The Impact of LSVT BIG® Certification on Graduate Students and Entry-Level Clinicians (SUNY Downstate Alumni)

The Impact of LSVT BIG® Certification on Graduate Students and Entry-Level Clinicians (SUNY Downstate Alumni)

By Katelin Faria, OTS; Evelin Hernandez, OTS: Lila Nadelmann, OTS; Shelbie Ramalanjaona, OTS

Advisor: Dr. Nancy Kline,  PhD, OTR/L, BCG, LSVT BIG Certified

SUNY Downstate Health Sciences University

Some background information:

We are occupational therapy students at SUNY Downstate Health Sciences University. During our master’s program, we conducted research on the impact obtaining LSVT BIG certification had on SUNY Downstate Alumni. Though the impact of LSVT BIG on patients with Parkinson’s Disease (PD) has been well documented, little to no research exists demonstrating the impact LSVT BIG certification has on students and rehabilitation professionals who hold the certification. Students who complete the certification at SUNY Downstate typically do so during their last semester of their entry-level master’s program. The course is facilitated by an occupational therapist and certified LSVT BIG clinician, Dr. Nancy Kline during the last spring semester of SUNY Downstate’s Occupational Therapy Master’s Degree Program. It is offered as a two-day, sixteen-hour hybrid course — partly online and partly in person — and costs $300 to register. For a practicing professional, the extra expense and time commitment may not be of much concern, but for a student, it very well may be. So, what are the advantages of taking this course during a student’s entry-level education?

Due to the lack of research within the field of occupational therapy, we reviewed literature from other health-related fields. The findings of the studies we appraised demonstrated a positive correlation between advanced certification obtainment and improved job competency, job performance, increased compensation, job satisfaction and accomplishment, and empowerment in the workplace. For example, nurses have reported higher levels of job satisfaction and accomplishment, and workplace empowerment after acquiring advanced training (Byrne, Valentine, & Carter, 2004; Krapohl, Manojlovich, Redman, & Zhang, 2010).  Another study found that dietetics who possess a specialty certification increased their wage by roughly $4,000 per year (Rogers, 2014). With this in mind, we wanted to find out what potential educational and professional benefits obtaining LSVT BIG certification could have for certified rehabilitation professionals, in our case LSVT BIG certified SUNY Downstate occupational therapy alumni, during their level-two fieldwork and entry-level employment.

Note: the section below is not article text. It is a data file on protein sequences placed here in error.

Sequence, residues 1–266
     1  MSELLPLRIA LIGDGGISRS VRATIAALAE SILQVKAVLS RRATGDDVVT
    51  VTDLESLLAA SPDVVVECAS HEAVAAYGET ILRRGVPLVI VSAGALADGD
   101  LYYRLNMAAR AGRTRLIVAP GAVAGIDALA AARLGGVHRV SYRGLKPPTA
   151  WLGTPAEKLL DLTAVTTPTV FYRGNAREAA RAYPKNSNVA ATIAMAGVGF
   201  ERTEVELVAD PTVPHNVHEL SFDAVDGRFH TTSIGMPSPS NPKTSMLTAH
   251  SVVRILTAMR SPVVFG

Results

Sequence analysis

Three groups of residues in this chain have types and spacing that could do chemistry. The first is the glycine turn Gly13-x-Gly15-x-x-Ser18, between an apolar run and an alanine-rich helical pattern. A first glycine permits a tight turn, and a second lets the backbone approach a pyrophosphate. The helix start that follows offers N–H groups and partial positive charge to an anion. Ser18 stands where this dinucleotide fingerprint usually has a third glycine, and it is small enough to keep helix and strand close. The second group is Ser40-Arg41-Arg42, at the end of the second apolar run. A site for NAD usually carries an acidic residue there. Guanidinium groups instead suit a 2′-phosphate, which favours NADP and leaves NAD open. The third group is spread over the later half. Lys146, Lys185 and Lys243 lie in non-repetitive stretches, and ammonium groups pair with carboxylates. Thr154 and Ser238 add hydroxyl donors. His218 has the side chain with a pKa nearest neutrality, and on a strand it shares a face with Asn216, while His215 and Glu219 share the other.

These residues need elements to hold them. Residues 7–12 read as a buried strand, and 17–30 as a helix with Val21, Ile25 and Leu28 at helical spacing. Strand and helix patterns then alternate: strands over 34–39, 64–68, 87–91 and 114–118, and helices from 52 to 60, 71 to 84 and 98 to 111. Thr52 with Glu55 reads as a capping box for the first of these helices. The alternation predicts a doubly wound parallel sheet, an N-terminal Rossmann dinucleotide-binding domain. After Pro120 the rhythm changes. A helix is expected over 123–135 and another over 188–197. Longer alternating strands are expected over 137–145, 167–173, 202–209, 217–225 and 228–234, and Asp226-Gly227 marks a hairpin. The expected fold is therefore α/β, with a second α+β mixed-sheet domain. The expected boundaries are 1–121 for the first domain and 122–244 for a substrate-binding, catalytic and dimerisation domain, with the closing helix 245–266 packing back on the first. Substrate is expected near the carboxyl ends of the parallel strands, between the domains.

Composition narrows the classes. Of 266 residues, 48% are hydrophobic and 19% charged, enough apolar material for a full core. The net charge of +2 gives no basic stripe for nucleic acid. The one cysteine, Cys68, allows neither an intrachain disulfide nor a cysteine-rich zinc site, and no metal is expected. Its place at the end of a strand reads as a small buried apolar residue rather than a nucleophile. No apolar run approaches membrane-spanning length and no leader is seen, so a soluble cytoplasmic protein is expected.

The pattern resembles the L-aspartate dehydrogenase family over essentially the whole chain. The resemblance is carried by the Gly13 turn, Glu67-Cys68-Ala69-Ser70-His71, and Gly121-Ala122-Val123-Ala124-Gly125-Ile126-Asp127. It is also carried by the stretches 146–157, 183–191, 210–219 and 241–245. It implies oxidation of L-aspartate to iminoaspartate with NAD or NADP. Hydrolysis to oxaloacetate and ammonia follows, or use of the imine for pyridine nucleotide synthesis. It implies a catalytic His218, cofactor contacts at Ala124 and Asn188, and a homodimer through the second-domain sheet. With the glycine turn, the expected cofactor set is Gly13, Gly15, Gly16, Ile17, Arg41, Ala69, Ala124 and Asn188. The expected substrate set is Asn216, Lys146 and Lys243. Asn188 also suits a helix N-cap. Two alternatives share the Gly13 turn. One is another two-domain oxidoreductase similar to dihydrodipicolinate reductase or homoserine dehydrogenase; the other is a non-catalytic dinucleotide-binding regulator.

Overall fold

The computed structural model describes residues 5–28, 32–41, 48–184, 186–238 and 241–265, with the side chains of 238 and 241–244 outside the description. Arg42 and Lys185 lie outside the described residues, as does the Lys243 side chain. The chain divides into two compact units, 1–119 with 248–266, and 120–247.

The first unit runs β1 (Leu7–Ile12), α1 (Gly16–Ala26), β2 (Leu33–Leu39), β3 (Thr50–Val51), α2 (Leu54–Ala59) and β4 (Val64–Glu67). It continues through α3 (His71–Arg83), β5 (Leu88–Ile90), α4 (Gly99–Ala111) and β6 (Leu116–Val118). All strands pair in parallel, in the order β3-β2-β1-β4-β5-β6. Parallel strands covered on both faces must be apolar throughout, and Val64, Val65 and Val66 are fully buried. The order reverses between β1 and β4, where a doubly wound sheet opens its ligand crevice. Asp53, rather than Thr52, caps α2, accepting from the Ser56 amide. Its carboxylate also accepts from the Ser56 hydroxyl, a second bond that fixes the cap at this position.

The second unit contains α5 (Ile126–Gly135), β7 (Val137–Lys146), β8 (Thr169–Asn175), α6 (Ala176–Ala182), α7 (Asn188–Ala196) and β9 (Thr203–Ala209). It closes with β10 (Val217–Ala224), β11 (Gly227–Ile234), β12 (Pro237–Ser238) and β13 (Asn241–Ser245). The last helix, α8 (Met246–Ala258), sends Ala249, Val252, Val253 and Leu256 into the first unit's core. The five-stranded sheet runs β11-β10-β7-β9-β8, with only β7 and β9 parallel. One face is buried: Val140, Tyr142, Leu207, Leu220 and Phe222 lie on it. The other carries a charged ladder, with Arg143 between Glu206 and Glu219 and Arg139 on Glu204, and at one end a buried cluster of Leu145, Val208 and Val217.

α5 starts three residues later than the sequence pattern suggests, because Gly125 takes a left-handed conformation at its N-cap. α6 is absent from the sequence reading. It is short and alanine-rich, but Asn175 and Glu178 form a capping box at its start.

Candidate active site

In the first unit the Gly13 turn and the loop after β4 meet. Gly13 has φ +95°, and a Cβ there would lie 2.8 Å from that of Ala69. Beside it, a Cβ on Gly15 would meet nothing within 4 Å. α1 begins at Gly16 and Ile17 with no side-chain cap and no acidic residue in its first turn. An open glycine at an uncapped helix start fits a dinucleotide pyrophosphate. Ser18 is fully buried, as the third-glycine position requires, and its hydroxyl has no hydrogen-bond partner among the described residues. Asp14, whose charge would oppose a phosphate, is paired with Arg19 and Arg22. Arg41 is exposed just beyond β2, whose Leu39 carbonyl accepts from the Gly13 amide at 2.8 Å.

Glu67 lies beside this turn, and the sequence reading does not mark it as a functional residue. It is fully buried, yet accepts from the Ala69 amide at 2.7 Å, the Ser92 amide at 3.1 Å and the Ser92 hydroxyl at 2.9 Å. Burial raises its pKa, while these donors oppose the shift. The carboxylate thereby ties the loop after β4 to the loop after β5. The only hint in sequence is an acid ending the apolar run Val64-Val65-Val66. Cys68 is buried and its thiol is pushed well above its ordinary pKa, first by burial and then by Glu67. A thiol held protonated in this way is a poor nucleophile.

What did we do?

This study was the first of its kind. We decided to create a quality assurance study highlighting the perspectives and opinions of SUNY Downstate alumni who graduated and completed the LSVT BIG certification program between 2014-2018. The program was offered for the first time in 2014 and graduates in 2019 and 2020 were experiencing difficulties with fieldwork delays and job acquisition due to COVID-19, so our study did not include these years. The alumni survey provided insight about the use and impact of their LSVT BIG certification during fieldwork, while obtaining their first jobs, and during their entry-level careers.

The survey itself consisted of eleven questions — six Likert style, two select-all-that-apply questions, two open-ended questions, and one yes or no question. The Likert style questions asked the participants to reflect on whether the LSVT BIG certification provided any benefits during fieldwork, during an entry-level job search, and while practicing. The two select-all-that-apply questions gathered data regarding when alumni believe the LSVT BIG training should be offered and whether specific benefits do exist. The one yes or no question asked whether they would recommend the LSVT BIG certification to future students and clinicians. The two open-ended questions inquired about additional benefits and new opportunities the LSVT BIG certification may have provided; the results of these last two questions were used for further considerations and discussion purposes.

What did we find?

Though our sample size was small (n=13) relative to the number of people we contacted and limited to alumni from our program here at SUNY Downstate, we gathered valuable information pertaining to the impact of earning the LSVT BIG certification. According to the results, respondents indicated that they experienced the following as a result of certification:

General benefits: (see Figure 3-7)

– Acquisition of skills could be applied during their fieldwork level-two experiences

– Increased their competitiveness during entry-level job searching

– Increased confidence during an initial job search

-Not enough evidence to support there was a significant impact on work performance appraisals